But, I’m open to new things and in preparation for joining the CSA, I decided to buy some kale and make something with it. In case I needed a push over the edge, the label on the rubber band around the kale was written in French, calling the leaves chou vert frisé. I once had a boss who could convince me to do any menial task by telling me, “it’s French…you’ll like it.”

So I bought some curly green cabbage and tried a recipe on a card near the grocery store entrance.

looked like a bouquet, so I put the kale in a vase

looked like a bouquet, so I put the kale in a vase

Based on my experience, I think I’ll be joining the CSA…

Kale and White Bean Soup with Parmesan Crisps

Kale and White Bean Soup with Parmesan Crisps


Adapted from Whole Foods Vegetarian Tuscan Kale and White Bean Soup recipe card.

Makes ~ 5 cups soup or 4 servings.

3 tablespoons olive oil

1 cup diced onion

4 large garlic cloves, chopped

1-2 t thyme (to taste)

1-2 t oregano (to taste)

5 C ersatz chicken broth (i.e., parve chicken soup powder + 5 C water)

4 cups packed chopped kale (i.e., 1 bunch, chopped)

2-3 carrots, peeled and sliced; or 20-25 baby carrots cut into thirds

1 small can (14.5-ounce) diced tomatoes

1 small can (14.5-ounce) cannellini beans, drained and rinsed

Parmesan crisps (see recipe below)

Heat olive oil in large saucepan over medium heat. Saute onion ~3 minutes until softened, then add garlic and cook together another 2-3 minutes.

Add 1t of each herb and carrots to pan and mix.

Add tomatoes, broth, and kale and mix a few times. Cover saucepan and allow kale to steam until tender, ~5 minutes.

Add drained cannellini beans when kale tender. Keep on heat until parmesan crisps finished to allow beans to warm.

Serve with parmesan crisps or sprinkle with parmesan cheese.

122-cropped

Parmesan Crisps

Preheat oven to 350ºF.

Line cookie sheet with parchment paper.

Spread ~1T of parmesan cheese in ovals on parchment (1T per oval)

Parmesan crisps, uncooked

Bake in oven 5-7 minutes — WATCH VERY CAREFULLY –  these can burn really quickly. Remove before your smoke alarm goes off (like mine did the first time I tried this!).

Parmesan crisps, baked

The crisps will peel very easily off of the parchment paper.

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Yes, you guessed it…I’ve started going to yoga. I am officially a Cantabrigian (n, a native resident of Cambridge, Massachusetts according to Merriam-Webster Online dictionary). Granted, I still try to look like a ballerina in class, I can’t hold a single pose, and I giggle when the teacher says “namaste,” but I do enjoy it and feel great afterward. After class a few weeks ago, I wanted to extend the healthy glow and was super hungry, but had virtually no vegetables in my fridge except for an almost full bag of shredded carrots a week past their use by date. They looked fine, showed no growth, and were not slimy at all. I figured I could turn them into a soup. I’m sure some of you out there are already horrified and will never eat in my home again, but come on….there are starving children somewhere in the world, this was much better than eating Ben and Jerry’s straight from the container, and I wouldn’t run this type of risk for guests. Moving on.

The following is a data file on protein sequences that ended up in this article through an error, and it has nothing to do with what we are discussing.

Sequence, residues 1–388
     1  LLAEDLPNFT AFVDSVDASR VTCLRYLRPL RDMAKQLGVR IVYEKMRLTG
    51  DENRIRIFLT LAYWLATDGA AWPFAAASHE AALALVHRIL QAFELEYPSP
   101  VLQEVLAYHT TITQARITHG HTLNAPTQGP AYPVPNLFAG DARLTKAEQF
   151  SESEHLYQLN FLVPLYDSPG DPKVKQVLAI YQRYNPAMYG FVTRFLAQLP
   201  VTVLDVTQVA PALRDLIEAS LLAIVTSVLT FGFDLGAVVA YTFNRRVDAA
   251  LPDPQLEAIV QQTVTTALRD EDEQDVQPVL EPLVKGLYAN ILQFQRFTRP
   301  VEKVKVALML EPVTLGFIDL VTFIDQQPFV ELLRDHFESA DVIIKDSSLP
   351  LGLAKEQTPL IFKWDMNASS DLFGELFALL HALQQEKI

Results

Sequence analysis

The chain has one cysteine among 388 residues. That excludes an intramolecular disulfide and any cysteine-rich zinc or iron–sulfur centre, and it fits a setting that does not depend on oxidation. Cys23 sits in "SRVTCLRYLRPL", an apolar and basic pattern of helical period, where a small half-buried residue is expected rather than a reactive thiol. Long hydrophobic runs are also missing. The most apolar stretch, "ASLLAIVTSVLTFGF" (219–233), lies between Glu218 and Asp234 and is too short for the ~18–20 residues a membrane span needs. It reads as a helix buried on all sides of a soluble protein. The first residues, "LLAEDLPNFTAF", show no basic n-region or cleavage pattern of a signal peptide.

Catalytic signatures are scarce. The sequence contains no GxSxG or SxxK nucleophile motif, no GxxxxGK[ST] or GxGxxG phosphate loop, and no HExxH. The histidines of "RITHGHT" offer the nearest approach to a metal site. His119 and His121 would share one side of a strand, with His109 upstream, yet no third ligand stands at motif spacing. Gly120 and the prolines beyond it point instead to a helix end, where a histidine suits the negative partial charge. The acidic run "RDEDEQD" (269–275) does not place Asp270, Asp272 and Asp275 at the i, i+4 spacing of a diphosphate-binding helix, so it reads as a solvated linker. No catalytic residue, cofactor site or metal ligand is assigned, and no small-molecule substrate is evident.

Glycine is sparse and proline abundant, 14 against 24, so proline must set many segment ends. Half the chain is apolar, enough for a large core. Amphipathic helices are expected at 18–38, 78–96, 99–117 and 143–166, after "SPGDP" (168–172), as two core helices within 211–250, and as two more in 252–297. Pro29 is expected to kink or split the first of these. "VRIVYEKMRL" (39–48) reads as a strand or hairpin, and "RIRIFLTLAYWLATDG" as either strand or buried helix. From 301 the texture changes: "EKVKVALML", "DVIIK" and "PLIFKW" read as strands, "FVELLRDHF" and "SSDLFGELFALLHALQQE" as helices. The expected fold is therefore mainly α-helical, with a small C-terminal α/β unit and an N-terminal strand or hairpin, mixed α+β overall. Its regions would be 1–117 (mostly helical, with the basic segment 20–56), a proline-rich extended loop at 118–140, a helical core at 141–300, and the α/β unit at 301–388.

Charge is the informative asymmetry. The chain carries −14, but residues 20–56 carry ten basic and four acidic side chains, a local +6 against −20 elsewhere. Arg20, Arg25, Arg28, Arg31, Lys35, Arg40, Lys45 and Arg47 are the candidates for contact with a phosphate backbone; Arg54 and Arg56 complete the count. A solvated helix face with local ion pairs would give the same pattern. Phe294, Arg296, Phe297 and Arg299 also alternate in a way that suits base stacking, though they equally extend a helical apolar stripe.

I checked out C&Z and searched for “carrot soup”– Clotilde had a recipe for carrot-mint soup and one of the comments mentioned replacing the mint with coriander. This sounded like a good starting point. I played around a bit and here’s what I came up with. It was great and will definitely reappear on my table for guests (with fresh carrots…).

carrot coriander cilantro soup

Carrot-Coriander-Cilantro Soup

Inspired by Chocolate & Zucchini’s Soupe de Carotte a la Mente I consider this a quick and easy meal because except for chopping the onion, there is virtually no prepping required, and everything is in one pot. The only major clean-up is the pot, your immersion blender, and a few utensils.

Serves 4 as starter or 2 as main

2T olive or vegetable oil

½ onion (red or white), chopped

1-2 t garlic, minced (1-2 cloves)

1 T coriander

~10 oz bag shredded carrots (can also use baby carrots or large peeled and cut carrots)

Ersatz chicken broth mix + 5-6 C water (or chicken or vegetable broth) – I use Osem brand but it does contain MSG

1.5 T chopped cilantro*

1 T lemon juice (optional)

Salt and pepper to taste

Heat oil over medium heat; saute onion and garlic in oil until translucent

Add coriander; stir and heat until coats onion/garlic mixture and becomes fragrant – approximately 5 minutes

Add carrots and stir frequently until begin to soften, approximately 10 minutes

Add enough broth to cover carrots and at least 1 inch (if using ersatz chicken broth, don’t worry too much about mixing with powder beforehand)

Bring to boil, then turn down heat and simmer for ~15 minutes until carrots soften.

If using larger carrots, this might take longer; when carrots are soft, use immersion blender to puree, but allow some chunks to remain

Remove from heat and add cilantro, lemon juice if using, and salt and pepper to taste (may not need salt if using ersatz chicken broth powder); serve hot

* I keep chopped herbs in my freezer so they are ready to use in soups and other dishes. If my basil or mint plant is overgrown, or I have bought too much, I chop up the herbs, wrap in plastic in a roll so it is easy to measure by eye, and then store in a freezer bag. When I want to use these “fresh” frozen herbs later, they defrost really quickly, especially when dropped in a pot of soup.